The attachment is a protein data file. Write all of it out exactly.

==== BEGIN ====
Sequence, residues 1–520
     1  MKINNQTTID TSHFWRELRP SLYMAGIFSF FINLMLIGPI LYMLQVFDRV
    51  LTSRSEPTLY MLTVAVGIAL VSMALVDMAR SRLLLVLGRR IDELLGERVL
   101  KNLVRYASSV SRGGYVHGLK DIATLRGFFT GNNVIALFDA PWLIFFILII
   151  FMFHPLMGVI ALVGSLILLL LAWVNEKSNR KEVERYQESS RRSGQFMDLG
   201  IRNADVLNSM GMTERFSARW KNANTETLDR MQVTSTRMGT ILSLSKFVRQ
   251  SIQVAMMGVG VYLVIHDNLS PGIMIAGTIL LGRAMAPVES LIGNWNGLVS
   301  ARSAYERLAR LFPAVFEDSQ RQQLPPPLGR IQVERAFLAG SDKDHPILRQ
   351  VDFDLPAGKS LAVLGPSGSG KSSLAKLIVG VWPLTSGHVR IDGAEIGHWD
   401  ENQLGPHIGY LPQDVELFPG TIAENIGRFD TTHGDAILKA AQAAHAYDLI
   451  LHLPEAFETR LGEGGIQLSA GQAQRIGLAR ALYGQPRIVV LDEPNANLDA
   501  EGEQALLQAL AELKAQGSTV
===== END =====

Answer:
Sequence, residues 1–520
     1  MKINNQTTID TSHFWRELRP SLYMAGIFSF FINLMLIGPI LYMLQVFDRV
    51  LTSRSEPTLY MLTVAVGIAL VSMALVDMAR SRLLLVLGRR IDELLGERVL
   101  KNLVRYASSV SRGGYVHGLK DIATLRGFFT GNNVIALFDA PWLIFFILII
   151  FMFHPLMGVI ALVGSLILLL LAWVNEKSNR KEVERYQESS RRSGQFMDLG
   201  IRNADVLNSM GMTERFSARW KNANTETLDR MQVTSTRMGT ILSLSKFVRQ
   251  SIQVAMMGVG VYLVIHDNLS PGIMIAGTIL LGRAMAPVES LIGNWNGLVS
   301  ARSAYERLAR LFPAVFEDSQ RQQLPPPLGR IQVERAFLAG SDKDHPILRQ
   351  VDFDLPAGKS LAVLGPSGSG KSSLAKLIVG VWPLTSGHVR IDGAEIGHWD
   401  ENQLGPHIGY LPQDVELFPG TIAENIGRFD TTHGDAILKA AQAAHAYDLI
   451  LHLPEAFETR LGEGGIQLSA GQAQRIGLAR ALYGQPRIVV LDEPNANLDA
   501  EGEQALLQAL AELKAQGSTV